ANKARA — The Turkish government has launched a competition to buy hundreds of multi-rotor micro drones, with scores of local companies having already expressed interest.
SSB, Turkey’s procurement authority, has said that the planned drones would be used in homeland security missions like search and rescue, surveillance and reconnaissance, remote sensing and mapping. An SSB official said all drone programs come with a “priority” tag.
Under the multi-rotor micro drone program, SSB will procure a total of 499 units. Twenty-two companies have replied to SSB’s Request for Proposal (RfP).
“The level of interest [in the contract] and potential competition during the race reflects the vibrancy of Turkey’s fast-growing drone industry,” said Özgür Ekşi, an analyst with C4Defense.com, a defense industry specialist. “Especially when you think that only a decade ago there was not a single drone maker in the country.”
Turkey has long prioritized developmental and operation of unmanned systems for its military and for export. The Turkish military was largely dependent on the Israeli-made Heron unmanned aerial vehicles in its fight with Kurdish insurgents in early 2000s when the government-controlled Tusas Turkish Aerospace Industries (TAI) started working on the Anka, Turkey’s first indigenous drone. In 2013 TAI won a contract from the Turkish government to supply 10 Ankas and ground control stations. The Anka, a medium-altitude, long-endurance drone, can fly at an altitude of 30,000 feet for 24 hours and can carry up to 200 kg payload.
TAI later developed the armed and satellite-controlled versions of the Anka as the country’s dependency on drones in its asymmetrical warfare against Kurdish insurgency deepened.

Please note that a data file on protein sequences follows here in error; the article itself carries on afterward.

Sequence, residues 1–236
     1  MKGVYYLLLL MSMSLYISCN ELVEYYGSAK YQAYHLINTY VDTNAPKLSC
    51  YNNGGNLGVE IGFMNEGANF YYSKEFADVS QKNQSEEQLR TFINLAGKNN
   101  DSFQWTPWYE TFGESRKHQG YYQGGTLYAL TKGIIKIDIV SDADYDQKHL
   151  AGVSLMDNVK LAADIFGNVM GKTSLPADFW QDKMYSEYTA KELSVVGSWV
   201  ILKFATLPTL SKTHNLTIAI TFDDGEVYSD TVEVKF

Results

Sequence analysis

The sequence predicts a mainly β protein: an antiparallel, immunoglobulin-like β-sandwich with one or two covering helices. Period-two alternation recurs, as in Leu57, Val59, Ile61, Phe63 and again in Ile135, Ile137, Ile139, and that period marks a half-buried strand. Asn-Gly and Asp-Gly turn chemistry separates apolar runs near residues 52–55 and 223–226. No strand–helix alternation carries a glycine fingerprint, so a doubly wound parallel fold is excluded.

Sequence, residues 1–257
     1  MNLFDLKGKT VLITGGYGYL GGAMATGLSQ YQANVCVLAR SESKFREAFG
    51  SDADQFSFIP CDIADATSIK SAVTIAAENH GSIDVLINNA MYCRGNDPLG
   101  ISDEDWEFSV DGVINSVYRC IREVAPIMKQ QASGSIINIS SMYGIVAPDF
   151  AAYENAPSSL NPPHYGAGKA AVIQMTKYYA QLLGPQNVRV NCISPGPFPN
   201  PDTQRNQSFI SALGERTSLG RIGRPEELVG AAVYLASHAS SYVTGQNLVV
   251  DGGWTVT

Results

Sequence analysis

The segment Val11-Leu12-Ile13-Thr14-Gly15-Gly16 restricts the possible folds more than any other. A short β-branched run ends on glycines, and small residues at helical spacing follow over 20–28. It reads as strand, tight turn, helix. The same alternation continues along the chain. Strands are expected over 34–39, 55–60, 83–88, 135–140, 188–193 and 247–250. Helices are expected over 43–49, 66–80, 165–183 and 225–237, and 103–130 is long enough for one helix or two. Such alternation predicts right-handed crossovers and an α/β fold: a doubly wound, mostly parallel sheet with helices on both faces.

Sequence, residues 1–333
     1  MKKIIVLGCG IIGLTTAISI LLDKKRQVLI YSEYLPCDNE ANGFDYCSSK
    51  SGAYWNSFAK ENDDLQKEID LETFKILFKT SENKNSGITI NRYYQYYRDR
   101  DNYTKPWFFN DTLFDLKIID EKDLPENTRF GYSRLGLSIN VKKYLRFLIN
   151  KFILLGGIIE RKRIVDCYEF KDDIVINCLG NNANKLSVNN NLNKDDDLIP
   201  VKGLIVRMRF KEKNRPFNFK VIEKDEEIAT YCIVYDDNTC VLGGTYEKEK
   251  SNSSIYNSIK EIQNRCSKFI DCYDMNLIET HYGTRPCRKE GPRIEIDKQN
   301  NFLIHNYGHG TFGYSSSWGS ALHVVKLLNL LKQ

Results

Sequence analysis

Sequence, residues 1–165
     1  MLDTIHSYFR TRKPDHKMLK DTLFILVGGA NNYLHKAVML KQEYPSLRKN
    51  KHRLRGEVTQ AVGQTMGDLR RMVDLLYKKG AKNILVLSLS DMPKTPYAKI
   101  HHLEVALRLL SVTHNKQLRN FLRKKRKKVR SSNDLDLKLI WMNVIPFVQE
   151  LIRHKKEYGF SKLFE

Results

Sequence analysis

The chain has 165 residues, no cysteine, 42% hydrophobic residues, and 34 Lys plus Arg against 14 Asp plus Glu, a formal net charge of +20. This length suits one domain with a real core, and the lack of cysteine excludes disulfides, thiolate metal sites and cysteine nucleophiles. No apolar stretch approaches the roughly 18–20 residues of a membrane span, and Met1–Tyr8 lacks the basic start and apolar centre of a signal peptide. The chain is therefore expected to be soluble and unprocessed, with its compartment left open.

The Anka has paved the way for the entry into the market of private sector players. Kale-Baykar, a consortium, has successfully developed the Bayraktar TB-2, a drone system that comes in unarmed and armed versions, and delivered to the military six systems in 2017.
The Bayraktar uses the MAM-L and MAM-C, two mini smart munitions developed and produced by state-controlled missile specialist Roketsan. Turkey's local industry also is developing BSI-101, a SIGINT system, for the Bayraktar to end Turkey's dependence on U.S.-made SIGINT systems for drones.
The Bayraktar can fly at a maximum altitude of 24,000 feet. Its communications range is 150 kilometers. The aircraft can carry up to 55 kilograms of payload.
“We encourage private companies to spend more on drone R&D and come up with solutions cut for our specific (mostly asymmetrical) requirements,” said one procurement official. “there is a lot of activity going on and the market will deepen in quantity and quality in the years ahead.”
Ekşi from C4Defence.com said: “Twenty-two local bidders in a relatively small drone competition is a sign that the market, infant by age, will flourish soon.”